Soft cost, big issue, everyone needs to address it. There’s some really cool stuff rolling out that has maybe a better chance than many other previous initiatives to turn this tide. And you guys in your article talk about something called Solar APP, solar with capital A, capital P, capital P. And you reference some of the people involved with that from Rocky Mountain Institute, NREL. It’s a really amazingly diverse group of organizations and local governments that are behind this. So tell us a little bit about Solar APP, and how important is it that we have one unified system versus some thousands across the country. What is it and does it matter if we have one giant one?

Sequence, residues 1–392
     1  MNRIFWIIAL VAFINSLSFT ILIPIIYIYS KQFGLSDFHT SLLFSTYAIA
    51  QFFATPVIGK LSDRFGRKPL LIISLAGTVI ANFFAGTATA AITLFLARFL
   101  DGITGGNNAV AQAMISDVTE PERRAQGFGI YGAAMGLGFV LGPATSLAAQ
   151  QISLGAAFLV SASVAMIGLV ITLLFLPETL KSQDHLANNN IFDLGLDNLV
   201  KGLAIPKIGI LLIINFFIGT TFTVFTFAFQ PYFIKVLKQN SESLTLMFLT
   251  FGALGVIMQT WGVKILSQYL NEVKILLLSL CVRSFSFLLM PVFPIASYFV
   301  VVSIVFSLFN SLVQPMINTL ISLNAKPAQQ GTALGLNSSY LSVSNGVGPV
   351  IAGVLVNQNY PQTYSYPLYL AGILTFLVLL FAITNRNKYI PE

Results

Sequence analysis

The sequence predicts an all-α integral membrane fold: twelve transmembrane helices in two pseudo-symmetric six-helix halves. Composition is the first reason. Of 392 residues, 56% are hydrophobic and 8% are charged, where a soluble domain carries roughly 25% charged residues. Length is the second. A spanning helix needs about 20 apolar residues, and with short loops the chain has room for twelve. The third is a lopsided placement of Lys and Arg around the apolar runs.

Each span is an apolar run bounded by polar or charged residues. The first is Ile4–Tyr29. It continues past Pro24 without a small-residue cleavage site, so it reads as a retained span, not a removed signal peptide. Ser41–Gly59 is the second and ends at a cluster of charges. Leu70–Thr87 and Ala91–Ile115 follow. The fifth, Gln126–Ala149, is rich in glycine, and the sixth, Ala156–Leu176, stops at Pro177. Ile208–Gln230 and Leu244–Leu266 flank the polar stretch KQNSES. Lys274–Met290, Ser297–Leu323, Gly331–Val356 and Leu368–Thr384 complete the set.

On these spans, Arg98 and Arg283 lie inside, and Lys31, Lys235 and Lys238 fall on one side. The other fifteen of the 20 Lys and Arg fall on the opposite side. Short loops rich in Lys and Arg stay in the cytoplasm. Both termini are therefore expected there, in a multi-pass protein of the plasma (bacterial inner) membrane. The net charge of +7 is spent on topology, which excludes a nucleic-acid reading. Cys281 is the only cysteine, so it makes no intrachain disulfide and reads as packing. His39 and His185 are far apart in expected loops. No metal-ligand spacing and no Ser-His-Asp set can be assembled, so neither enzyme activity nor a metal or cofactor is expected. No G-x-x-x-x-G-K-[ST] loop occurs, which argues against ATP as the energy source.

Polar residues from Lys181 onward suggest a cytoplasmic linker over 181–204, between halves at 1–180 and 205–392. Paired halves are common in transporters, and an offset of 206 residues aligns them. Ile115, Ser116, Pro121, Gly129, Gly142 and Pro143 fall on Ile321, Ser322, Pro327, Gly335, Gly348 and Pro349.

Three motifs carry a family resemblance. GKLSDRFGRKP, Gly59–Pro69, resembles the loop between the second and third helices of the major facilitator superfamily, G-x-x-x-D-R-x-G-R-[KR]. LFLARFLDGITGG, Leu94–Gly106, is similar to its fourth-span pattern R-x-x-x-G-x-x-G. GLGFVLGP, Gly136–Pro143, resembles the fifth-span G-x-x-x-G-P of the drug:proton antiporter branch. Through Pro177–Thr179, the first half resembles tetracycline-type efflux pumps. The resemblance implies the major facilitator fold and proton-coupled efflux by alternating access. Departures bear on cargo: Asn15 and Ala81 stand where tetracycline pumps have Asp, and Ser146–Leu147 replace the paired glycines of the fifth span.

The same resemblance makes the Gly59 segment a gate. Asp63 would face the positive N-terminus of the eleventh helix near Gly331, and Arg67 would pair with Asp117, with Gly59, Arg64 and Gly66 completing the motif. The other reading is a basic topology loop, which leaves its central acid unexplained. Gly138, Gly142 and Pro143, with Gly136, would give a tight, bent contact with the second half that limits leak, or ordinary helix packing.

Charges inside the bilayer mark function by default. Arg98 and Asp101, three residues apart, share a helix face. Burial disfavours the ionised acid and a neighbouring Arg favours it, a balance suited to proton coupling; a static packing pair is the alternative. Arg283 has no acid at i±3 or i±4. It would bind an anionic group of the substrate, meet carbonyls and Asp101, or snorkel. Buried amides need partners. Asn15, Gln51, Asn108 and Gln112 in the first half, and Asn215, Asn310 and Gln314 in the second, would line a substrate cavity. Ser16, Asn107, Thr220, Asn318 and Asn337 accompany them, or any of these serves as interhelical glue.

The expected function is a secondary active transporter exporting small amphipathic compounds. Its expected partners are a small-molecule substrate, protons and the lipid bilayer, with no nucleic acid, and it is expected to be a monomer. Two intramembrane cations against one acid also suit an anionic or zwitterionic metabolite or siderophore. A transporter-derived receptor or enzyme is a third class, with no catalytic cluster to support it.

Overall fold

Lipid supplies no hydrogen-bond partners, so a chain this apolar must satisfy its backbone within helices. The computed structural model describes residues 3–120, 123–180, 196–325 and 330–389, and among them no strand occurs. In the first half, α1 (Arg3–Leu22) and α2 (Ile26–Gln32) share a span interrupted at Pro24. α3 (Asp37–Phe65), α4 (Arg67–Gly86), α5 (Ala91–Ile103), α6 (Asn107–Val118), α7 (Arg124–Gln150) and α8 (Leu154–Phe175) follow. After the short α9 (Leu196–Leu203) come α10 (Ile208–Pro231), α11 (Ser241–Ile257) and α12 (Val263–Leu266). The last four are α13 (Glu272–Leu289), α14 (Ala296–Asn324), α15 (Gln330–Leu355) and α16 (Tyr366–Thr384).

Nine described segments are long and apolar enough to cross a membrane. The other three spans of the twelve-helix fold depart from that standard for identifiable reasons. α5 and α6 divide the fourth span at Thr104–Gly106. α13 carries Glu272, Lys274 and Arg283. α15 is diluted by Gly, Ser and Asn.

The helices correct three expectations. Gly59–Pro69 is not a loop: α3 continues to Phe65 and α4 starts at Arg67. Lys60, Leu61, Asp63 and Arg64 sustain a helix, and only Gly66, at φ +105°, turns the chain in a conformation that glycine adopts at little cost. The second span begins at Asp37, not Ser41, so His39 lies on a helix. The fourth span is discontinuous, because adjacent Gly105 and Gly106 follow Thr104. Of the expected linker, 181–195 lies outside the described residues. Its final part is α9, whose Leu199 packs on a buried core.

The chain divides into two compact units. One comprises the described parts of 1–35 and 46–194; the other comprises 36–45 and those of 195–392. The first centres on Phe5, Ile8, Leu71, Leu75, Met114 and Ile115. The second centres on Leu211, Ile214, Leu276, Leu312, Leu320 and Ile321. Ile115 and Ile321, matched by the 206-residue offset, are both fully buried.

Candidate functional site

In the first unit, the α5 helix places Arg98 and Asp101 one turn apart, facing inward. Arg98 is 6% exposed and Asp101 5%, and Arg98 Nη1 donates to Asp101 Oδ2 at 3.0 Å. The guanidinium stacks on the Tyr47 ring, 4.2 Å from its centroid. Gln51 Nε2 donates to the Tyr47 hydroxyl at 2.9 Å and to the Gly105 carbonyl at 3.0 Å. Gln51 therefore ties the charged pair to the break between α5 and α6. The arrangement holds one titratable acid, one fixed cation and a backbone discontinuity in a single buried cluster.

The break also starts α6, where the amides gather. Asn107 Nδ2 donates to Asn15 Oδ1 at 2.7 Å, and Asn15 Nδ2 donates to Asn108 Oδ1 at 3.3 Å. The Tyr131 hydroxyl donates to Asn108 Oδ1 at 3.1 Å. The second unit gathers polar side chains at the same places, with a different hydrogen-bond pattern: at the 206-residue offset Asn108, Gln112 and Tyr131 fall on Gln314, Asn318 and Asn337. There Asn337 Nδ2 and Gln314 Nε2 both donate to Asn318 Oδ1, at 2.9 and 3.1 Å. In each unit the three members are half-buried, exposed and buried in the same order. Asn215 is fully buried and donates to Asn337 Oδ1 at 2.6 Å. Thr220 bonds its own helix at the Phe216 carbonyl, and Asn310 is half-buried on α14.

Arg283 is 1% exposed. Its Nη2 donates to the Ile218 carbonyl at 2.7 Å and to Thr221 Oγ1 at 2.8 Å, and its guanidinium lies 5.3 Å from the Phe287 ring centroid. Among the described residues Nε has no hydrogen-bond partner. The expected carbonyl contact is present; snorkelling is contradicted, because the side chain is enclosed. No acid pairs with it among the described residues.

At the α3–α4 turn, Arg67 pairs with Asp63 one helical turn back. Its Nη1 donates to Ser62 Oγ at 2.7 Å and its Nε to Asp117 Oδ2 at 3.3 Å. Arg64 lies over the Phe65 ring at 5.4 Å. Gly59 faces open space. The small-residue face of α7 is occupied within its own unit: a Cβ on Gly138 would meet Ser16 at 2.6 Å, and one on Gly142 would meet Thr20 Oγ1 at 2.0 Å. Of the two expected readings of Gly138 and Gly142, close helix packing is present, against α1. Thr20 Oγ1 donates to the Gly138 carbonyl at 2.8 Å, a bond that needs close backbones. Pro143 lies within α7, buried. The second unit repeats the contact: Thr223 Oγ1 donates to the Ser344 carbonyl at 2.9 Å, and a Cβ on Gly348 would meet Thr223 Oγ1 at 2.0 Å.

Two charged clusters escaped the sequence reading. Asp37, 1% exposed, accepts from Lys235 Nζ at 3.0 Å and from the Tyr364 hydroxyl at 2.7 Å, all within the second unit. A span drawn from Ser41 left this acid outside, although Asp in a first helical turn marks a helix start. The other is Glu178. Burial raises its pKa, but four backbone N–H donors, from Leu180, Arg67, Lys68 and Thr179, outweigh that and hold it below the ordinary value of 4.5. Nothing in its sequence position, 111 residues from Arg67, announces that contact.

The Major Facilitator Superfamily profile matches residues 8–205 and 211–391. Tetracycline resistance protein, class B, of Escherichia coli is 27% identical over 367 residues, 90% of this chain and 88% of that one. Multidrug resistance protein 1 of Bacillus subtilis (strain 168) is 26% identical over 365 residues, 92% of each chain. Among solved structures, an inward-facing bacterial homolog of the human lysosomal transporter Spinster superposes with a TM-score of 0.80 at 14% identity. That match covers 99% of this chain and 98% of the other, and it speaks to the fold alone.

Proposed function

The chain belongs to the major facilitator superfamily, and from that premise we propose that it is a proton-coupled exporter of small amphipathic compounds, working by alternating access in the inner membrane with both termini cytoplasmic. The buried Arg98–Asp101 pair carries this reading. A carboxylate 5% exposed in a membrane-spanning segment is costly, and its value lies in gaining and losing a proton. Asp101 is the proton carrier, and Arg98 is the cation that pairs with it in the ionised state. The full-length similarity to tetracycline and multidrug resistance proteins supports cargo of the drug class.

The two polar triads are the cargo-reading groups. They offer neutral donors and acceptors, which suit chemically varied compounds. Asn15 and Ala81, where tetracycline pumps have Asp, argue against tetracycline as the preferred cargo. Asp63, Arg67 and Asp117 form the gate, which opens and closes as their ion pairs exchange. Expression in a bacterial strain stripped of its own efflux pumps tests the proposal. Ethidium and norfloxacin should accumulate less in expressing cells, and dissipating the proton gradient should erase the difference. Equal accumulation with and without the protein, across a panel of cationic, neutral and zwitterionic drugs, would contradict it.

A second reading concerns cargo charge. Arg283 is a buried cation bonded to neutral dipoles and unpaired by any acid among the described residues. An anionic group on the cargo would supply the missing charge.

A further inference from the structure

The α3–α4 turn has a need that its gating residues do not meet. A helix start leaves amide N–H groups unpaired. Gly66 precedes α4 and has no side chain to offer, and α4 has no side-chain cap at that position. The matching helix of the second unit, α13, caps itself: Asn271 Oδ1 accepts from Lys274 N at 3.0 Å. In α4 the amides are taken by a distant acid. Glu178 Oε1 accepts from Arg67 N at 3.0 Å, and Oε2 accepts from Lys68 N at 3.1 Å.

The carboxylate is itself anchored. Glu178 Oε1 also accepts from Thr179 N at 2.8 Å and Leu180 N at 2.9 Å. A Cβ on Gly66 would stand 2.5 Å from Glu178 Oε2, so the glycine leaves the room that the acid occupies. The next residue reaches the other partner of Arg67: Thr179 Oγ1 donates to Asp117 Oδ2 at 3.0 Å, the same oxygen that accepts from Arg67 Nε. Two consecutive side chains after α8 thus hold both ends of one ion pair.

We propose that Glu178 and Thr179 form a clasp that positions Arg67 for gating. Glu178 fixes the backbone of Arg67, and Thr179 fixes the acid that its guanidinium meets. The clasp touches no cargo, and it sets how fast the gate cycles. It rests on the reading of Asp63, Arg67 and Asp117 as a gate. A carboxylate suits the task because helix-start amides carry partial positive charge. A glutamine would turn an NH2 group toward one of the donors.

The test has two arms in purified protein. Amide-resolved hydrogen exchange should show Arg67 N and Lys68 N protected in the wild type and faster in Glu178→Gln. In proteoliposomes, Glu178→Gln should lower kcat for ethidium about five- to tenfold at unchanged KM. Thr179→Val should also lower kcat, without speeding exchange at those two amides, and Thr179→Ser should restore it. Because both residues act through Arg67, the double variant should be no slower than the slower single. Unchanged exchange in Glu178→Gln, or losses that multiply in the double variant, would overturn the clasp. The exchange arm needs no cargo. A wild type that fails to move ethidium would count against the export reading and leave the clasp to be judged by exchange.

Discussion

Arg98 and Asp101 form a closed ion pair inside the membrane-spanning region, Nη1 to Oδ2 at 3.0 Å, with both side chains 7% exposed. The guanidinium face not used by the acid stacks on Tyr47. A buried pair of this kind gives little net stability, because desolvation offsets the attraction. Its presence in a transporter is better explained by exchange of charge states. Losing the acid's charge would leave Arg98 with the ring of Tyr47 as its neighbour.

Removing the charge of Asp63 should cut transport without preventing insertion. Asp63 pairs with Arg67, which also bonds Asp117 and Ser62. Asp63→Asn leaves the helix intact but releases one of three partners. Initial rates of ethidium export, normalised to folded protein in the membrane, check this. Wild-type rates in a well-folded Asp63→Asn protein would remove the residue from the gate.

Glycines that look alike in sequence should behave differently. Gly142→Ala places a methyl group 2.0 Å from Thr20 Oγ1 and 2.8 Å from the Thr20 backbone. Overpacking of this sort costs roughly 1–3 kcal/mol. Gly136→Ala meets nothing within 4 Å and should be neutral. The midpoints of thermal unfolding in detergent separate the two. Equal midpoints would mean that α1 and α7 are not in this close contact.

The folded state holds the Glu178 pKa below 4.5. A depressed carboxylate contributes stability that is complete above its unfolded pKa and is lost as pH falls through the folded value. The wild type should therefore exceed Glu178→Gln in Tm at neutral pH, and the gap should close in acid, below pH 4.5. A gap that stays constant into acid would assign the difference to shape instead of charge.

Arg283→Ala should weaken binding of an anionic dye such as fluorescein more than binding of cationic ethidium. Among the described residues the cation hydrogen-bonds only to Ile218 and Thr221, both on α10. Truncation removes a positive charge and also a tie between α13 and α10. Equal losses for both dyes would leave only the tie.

Yann Brandt:
Yeah so it is very important to have a unified system, because the codes and standards that manufacturers are held against to put their products in market, whether it’s racking, or batteries, there’s a national electric codebook, there’s a national fire protection codebook, there’s a structural codebook. The codes and standards that mandate how these products roll out is already national. What isn’t national is the process to get the approval for the building permit, even though a solar panel with an inverter is relatively a standardized process. So Solar APP, it’s important to note that Solar APP isn’t actually the first endeavor into this. [inaudible 00:12:34] program attempted to do this in Florida and actually had over 30 counties sign onto it.